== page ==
Last updateFri, 27 Nov 2020 10am

Wrestling with road rage

I sometimes joke that driving around lakeside is a lot like testing one’s skills in those old arcade auto play stations or a new-fangled video game, only the hazards here are real and points count on a life-or-death scale.

With my old wagon marooned in the mechanic’s shop for major repairs, I’ve been hopping on buses or bumming rides over the last few weeks, enjoying relief from the every-day vexations of being behind the wheel.  It’s been refreshing to slow down my pace, gaze out the windows and placidly watch the world go by instead of tensing up and cursing a blue streak over every encounter with some roadway nuisance.

There’s the local scourge of topes, those odious speed bumps that crop up out of nowhere, unmarked or invisible under faded cautionary paint. We know they’re a necessary evil to keep wild drivers in check, but wouldn’t it be nice if they conformed to design standards, making them effective, but gentler on your car’s suspension and less likely to cause whiplash as you hurtle over the hump?

How about regular epidemics of inverse topes, a.k.a. baches (potholes)? Why do they seem to grow to the size of minor lunar craters before authorities wise up and send out work crews to perform slapdash patch-ups?   

Nothing makes me quite as antsy as getting stuck in a long line of cars behind a bus whose driver stopped smack in the way rather than pulling off to the road to pick up or disgorge passengers.  I snarl more if I see he’s done it only because some dimwit parked right at the bus stop. 

The same anxiety applies when inconsiderate bozos – including local police – hold up traffic to make illegal left-hand turns off the highway into downtown Ajijic via Calle Colón. And when major thoroughfares are blocked by garbage trucks making their rounds at peak commuting hours. You have to wonder what brilliant government boss set up the collection schedule.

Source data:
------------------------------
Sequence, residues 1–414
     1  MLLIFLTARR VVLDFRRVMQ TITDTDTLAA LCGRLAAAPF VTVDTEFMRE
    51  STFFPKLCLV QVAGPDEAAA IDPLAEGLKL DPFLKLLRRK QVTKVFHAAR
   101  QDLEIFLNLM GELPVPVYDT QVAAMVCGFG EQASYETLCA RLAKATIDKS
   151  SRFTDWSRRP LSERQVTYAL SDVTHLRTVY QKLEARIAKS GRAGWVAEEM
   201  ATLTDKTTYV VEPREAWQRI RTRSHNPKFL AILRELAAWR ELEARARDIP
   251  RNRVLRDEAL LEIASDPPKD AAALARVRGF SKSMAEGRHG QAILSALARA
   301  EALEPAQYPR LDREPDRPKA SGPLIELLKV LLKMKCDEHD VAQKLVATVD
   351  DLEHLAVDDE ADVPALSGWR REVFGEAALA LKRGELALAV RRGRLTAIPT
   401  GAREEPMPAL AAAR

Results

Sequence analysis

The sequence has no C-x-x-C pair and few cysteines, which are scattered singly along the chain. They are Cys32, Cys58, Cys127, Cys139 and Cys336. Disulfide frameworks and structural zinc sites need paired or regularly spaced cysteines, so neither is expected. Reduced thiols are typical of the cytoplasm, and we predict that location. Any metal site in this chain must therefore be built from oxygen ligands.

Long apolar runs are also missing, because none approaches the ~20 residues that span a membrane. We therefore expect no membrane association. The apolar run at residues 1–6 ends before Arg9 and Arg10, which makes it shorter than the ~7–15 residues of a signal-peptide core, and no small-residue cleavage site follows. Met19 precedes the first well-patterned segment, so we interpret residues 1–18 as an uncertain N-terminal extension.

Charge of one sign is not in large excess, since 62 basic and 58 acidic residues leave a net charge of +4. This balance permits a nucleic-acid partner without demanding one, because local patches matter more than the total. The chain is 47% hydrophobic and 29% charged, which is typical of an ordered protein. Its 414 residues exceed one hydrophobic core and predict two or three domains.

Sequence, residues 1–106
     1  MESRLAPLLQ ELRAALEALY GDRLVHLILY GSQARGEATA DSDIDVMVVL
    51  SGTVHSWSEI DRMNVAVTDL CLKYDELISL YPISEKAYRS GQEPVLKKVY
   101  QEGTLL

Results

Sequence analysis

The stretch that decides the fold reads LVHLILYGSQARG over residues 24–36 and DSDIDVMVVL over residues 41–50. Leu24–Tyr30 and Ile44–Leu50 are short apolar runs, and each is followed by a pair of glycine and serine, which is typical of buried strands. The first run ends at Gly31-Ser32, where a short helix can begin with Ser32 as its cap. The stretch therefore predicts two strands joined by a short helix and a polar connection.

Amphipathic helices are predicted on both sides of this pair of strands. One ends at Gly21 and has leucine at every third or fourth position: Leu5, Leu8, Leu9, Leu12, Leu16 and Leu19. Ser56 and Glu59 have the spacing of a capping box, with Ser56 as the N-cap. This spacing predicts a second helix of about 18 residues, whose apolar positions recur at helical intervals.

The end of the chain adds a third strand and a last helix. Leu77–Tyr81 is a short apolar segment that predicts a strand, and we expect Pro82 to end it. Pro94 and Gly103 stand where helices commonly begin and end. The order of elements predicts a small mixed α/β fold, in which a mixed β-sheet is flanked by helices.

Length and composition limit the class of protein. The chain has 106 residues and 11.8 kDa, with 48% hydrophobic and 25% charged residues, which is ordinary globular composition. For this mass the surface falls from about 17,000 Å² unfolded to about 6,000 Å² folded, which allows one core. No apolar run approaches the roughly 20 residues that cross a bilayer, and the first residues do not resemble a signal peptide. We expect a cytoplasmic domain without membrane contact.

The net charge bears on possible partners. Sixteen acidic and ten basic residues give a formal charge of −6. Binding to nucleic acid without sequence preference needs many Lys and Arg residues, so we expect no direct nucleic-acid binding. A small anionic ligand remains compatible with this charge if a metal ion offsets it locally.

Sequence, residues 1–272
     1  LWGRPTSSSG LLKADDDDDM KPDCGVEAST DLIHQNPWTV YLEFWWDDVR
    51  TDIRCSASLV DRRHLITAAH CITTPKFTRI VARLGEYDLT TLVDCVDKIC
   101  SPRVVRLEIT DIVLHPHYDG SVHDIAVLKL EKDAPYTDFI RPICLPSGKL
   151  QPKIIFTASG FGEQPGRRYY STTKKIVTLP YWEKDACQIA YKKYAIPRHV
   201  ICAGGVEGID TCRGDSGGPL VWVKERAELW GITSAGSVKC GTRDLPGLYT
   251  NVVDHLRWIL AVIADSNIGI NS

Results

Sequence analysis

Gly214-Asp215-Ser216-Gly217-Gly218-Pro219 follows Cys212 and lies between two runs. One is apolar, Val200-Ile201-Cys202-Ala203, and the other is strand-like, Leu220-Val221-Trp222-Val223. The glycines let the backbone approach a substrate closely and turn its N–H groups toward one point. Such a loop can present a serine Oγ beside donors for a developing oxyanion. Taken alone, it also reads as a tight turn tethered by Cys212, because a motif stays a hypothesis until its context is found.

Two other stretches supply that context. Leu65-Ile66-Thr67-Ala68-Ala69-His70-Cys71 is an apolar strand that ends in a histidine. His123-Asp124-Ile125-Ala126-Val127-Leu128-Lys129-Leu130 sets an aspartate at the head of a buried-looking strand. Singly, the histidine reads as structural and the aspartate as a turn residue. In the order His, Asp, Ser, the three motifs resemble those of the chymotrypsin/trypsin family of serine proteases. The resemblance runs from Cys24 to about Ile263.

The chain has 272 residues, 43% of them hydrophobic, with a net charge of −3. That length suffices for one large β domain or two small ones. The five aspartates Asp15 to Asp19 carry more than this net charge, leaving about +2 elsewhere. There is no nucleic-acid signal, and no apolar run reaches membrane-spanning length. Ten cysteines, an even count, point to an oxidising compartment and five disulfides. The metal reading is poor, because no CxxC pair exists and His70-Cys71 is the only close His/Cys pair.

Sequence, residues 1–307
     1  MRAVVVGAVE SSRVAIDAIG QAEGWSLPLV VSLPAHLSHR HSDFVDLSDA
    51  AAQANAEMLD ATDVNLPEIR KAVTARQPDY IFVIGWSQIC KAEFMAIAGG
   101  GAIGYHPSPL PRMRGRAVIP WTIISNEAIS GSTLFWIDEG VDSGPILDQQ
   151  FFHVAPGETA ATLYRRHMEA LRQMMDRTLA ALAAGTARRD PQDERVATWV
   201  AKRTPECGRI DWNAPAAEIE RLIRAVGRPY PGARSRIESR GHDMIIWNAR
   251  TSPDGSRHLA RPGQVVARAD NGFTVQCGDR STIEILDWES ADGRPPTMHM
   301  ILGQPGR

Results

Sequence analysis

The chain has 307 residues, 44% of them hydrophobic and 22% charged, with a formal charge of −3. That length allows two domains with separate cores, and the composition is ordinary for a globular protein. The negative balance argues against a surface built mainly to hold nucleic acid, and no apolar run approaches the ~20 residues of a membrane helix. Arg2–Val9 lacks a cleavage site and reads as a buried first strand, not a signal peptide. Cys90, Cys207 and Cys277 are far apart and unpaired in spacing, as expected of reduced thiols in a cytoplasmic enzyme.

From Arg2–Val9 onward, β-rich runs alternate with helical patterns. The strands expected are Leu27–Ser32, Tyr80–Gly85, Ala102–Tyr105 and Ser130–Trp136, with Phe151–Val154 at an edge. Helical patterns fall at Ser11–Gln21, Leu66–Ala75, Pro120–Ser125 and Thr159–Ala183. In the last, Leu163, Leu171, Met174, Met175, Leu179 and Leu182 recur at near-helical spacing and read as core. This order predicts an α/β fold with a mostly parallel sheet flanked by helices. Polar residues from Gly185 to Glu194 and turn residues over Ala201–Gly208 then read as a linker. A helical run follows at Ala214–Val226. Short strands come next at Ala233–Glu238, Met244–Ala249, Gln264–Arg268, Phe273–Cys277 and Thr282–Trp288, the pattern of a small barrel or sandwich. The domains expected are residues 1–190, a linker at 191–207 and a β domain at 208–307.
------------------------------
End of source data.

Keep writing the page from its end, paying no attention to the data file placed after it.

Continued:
I despise drivers afflicted by tunnel vision, like boneheads who are oblivious to cars coming up from behind as they suddenly grind to a halt to make a turn, and then piddle around getting off the road.  Do they think rear view mirrors are just there for adornment? 

If you have to slam on the brakes to avoid a rear-end collision, you and your passengers can be caught by surprise, lurching forward at the waist and snapping back into an upright position in what my Mexican pals call el saludo chino (the Chinese salute). Ouch!

There are other latent dangers: distracted drivers yakking or texting on cell phones, or chewing the fat with passengers, complementing their conversation with effusive off-the-wheel hand gestures, or carelessly riding around with pets or kiddies in their laps.  Delivery guys and travelers riding motorcycles, scooters and bicycles who unexpectedly whizz past you on the passenger side, often as not just when you’re about to slide over to make a turn. Disoriented city slicker tourists barreling through the village headed against traffic on one-way streets. And morons with no compunction about driving in the wrong direction on parallel service roads.  

Scarier still are the out-to-lunch pedestrians who tend to walk right behind your bumper at the very moment you hit reverse to back out of a parking space. 

I abhor parking pigs, like folks who hog two or three full spaces by leaving big gaps behind and in front of adjacent vehicles. And those who double park while doing quick shopping or banking errands, especially annoying when you notice there’s an empty spot at the curb just inches away.  Or the ones squeezed into tiny spots right at the corners of Ajijic’s narrow streets, making it impossible for others to navigate tight turns. How come the bigger the car, the more likely the driver will pull in at an angle so that the rear end sticks out half way into the driving lane?  

Now that my car is running again and a new year has begun, I feel compelled to assume a more relaxed and positive attitude, so motoring stresses don’t get under my skin.  

I keep in mind that fellow expats have quit gripeing about getting harassed and coerced for bribes by traffic cops.  

I notice that many drivers seem to be more courteous when traffic signals are on the fritz, stopping to let other cars slide into traffic and pedestrians safely cross the road.  

And, oh how lucky I am to live somewhere where winters are mild and memories of scraping ice off the windshield,  putting chains on the tires, and rocking my way out of a paralyzing snow bank are things of the past.  

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